iPads help local school cope with snow daysWritten by Danielle Stanton | | firstname.lastname@example.org
Nick Mariano “lives and dies” by his iPad. He got his first one five years ago and won’t be seen at meetings, in conferences or at the front office without it.
As principal of Toledo School for the Arts (TSA), he dreamed of bringing the technology to students.
Last March, Mariano got his wish. After working with board members and diverting textbook funds, he equipped every student and teacher with an Apple iPad.
The device can be found in the hands of students everywhere in the charter school, from hallways and classrooms to studios where dancers review their choreographed moves.
The iPads initially cut down on paperwork and put information at students’ fingertips, but this winter, they did what teachers and Mariano could not have predicted: They allowed students and teachers to stay connected during subzero temperatures and school cancellations caused by the level three snow emergencies.
“With this being one of the harshest winters on record that caused most schools a loss of valuable teaching time, it was the optimal year to bring new technology into the classroom,” Mariano said. “Despite the snow, TSA was able to keep the educational process moving forward even though students were not in the building.”
During the polar vortex in January, students logged onto the school’s website to watch videos and find assignments. They posted homework, held discussions and created videos.
The iPads allowed the school to make up two snow days, and their success with students was evident, Mariano said.
“The sophomore class was given a project and 95 percent of the students completed it online and submitted it on time while home on a snow day,” he said.
The TSA board of directors decided to invest $117,000 a year for three years to lease 700 iPads as part of their plan to transition the school away from textbooks to iPads for all of its students, board member Rob Koenig said in an email.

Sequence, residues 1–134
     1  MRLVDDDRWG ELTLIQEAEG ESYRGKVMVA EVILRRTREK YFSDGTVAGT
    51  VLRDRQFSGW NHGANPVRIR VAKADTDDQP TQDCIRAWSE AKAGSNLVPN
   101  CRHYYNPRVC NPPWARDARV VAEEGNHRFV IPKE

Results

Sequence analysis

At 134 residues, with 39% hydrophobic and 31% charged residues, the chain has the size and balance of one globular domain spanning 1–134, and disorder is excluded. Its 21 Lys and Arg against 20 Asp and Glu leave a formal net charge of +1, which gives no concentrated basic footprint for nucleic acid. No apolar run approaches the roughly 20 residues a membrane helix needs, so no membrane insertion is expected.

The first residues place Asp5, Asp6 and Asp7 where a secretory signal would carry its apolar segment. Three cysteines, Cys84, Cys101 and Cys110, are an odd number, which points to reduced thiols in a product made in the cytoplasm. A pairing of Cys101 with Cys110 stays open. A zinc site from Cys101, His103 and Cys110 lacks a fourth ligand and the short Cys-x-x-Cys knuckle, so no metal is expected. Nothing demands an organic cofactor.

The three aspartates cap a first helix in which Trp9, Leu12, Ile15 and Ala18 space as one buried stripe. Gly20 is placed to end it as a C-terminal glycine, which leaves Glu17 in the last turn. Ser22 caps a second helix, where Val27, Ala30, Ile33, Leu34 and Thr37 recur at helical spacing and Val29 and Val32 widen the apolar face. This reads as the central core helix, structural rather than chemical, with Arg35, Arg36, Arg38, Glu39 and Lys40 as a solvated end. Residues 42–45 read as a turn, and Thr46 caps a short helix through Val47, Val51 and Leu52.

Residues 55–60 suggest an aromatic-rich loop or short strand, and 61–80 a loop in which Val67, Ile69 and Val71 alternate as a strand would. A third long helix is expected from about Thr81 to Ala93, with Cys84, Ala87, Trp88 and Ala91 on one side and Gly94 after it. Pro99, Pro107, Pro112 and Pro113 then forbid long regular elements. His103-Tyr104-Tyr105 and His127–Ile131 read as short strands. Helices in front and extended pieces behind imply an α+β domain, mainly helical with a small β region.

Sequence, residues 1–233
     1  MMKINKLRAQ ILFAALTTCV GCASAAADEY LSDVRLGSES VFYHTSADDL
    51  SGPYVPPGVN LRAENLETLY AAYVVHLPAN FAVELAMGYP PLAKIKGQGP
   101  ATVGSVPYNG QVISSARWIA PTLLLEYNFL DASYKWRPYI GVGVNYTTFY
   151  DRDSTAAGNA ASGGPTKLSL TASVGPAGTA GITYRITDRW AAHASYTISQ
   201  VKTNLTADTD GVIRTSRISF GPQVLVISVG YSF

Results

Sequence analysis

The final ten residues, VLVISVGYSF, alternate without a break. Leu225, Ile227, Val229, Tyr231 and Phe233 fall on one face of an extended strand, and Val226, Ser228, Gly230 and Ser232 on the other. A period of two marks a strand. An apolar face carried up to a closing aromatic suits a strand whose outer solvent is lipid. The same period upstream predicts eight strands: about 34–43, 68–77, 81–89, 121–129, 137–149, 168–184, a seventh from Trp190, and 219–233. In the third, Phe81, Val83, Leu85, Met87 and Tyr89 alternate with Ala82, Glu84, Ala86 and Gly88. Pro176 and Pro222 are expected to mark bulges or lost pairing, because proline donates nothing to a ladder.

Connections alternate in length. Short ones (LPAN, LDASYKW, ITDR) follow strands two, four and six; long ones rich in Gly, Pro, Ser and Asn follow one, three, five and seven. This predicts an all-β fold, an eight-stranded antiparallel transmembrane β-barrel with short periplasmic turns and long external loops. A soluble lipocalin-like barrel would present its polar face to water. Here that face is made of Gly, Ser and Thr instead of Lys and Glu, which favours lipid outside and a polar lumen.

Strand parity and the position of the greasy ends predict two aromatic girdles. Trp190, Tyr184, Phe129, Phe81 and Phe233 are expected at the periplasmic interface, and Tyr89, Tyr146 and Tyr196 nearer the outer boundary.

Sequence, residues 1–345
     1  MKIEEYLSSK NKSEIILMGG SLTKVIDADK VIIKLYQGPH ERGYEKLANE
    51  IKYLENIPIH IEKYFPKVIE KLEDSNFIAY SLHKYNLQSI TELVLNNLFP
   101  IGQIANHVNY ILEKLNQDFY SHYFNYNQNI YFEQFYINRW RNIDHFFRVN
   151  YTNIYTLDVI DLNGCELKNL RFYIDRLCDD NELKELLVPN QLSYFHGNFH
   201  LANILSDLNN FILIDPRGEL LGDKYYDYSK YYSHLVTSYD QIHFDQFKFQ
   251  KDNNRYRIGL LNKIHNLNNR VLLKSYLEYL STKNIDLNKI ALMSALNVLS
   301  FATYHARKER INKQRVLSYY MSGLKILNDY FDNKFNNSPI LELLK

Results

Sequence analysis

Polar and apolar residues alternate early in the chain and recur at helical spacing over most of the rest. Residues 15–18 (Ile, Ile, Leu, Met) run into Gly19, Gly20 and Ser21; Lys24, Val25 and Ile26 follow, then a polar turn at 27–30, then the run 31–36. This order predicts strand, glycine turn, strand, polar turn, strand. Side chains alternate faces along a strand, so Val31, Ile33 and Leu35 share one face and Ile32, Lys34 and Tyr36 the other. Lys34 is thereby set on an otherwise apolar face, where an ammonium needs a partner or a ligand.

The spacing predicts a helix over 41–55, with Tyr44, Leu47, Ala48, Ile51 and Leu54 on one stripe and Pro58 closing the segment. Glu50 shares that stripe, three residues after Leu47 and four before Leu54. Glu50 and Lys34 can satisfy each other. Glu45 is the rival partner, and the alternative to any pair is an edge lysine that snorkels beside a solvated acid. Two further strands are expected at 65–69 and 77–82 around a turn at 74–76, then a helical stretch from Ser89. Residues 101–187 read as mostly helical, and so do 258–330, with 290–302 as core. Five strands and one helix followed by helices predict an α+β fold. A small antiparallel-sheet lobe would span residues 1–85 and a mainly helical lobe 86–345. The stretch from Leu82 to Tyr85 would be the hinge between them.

The iPads were paid for by redirecting the school’s annual $100,000 textbook budget, Koenig said.
The iPad initiative “revolutionized” the school’s curriculum, he said, and readied students for state achievement tests which will soon be administered by computer or iPad only.
“The iPad deployment went extremely well and the new technology positively impacted the learning environment at TSA beginning on the first day of school,” Koenig said. “The faculty and students embraced this change quickly and the effect has been more powerful than we could have hoped.”
Mariano said the iPads have been so successful that students no longer use the school’s computer labs.
On March 17, two computer labs were devoid of students who were instead gazing into their iPads from their classroom desk or carting the device between classes.
Students said the device cuts back on what they have to carry and overall creates an easier learning experience.
“[The iPad] is definitely a great tool and learning experience for me,” said senior Tyler Fowler, who was a first-time iPad user. “We have to do [homework] anyway, the iPad made it a little more bearable.”
The iPads are being used for simple tasks such as “read the next chapter” as well as more difficult assignments like creating videos, Fowler said. During a snow day, he used it to write a paper after watching a documentary on slavery.
“I really like [the iPad]. It keeps me organized,” said sophomore Drew Longmore, who got her first iPad for Christmas a couple of years ago. “I am the biggest paper-loser ever.”
Longmore used the iPad to videotape her mother modeling clothes as Longmore voiced-over the names of the clothes in Spanish.
“I’m tech-savvy so I was really happy [to get an iPad],” said junior Roan Martin.
“I love typing rather than writing and all resources are in the same place.”
Martin said the school is teaching responsible use of the iPad. Administrators restrict email use and students are not allowed to download any apps.
“For the most part, students are very responsible,” Mariano said.
Mariano will be part of a group that will speak May 6 at Bowling Green State University on how to continue lessons during calamity days. The iPads as a learning tool will be a major part of that discussion, he said.
Students at Maumee Valley Country Day School, a private school in South Toledo, also use iPads as part of their curriculum, said teacher Lisa Behnfeldt.
The school purchased the devices two years ago and has put them in the hands of learners as young as 2 ½ years old up to 12th-graders, Behnfeldt said, who teaches first and second grades.
Every student in the middle school has their own device they can take home with them and other students use the iPad during the school day.
“It’s been two years so initially it was using the apps more as a tutoring usage — more as support — but now that we’ve had a couple years under our belt we’re using it more as a creative tool. It’s finding apps, creating books or creating math solutions,” Behnfeldt said.
Faculty had training on different ways to use the iPad in the classroom, she said, and the devices are stored and available within 10 feet of every instructor.
“[The iPads] are so user friendly for kids,” Behnfeldt said. “They figure out how to use them.”